Anger and outrage gives us the illusion of strength, but in reality it only saps of it. We are not wise or brave or moral when we are angry - we are bullheaded and stupid, petty and destructive, and all around miserable and misery inducing.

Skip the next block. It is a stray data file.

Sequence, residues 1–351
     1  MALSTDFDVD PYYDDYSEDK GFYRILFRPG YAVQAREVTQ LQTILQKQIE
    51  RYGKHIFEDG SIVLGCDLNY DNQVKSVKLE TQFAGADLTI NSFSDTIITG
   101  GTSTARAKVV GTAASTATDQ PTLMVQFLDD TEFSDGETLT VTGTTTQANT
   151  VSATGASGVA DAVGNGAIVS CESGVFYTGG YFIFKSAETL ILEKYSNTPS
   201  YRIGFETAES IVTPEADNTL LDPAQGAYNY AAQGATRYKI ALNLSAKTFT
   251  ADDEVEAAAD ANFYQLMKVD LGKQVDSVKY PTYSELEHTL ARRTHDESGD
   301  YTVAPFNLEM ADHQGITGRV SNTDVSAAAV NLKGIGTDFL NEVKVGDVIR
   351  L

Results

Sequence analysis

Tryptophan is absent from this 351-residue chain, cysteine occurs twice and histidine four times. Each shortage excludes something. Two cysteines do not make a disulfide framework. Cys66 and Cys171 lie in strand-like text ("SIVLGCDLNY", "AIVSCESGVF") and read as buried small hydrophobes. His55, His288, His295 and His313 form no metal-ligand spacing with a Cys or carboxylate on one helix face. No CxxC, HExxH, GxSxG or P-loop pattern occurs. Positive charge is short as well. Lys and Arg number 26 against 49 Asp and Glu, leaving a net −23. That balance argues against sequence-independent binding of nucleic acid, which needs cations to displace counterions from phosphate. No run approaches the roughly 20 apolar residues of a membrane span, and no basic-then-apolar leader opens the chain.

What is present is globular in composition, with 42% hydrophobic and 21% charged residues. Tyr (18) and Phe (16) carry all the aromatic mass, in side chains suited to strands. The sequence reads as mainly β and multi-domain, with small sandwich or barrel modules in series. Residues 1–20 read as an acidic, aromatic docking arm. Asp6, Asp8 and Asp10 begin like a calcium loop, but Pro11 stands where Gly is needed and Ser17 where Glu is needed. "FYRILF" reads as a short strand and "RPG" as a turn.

We must turn away from anger - both individually, and culturally. We must foster patience and rationality, even in the face of human tragedy and brutality. We cannot overcome the flaws of humanity by weilding anger as our weapon, because anger is itself a flaw of humanity. We must instead find the courage to let go of our anger - to give it up willingly, and thus free ourselves of it's poisoning effects. We must then find the strength to be calm and rational; even in the face of great wrong or great suffering; even when we are passionate and moved to great actions or great words. We must rely upon sound judgement and cooperation - on forgiveness and trust, not outrage and suspicion. We must recognize and work to correct our own flaws to be able to truly correct flaws in the world around us. We cannot change society for the better until we first change ourselves.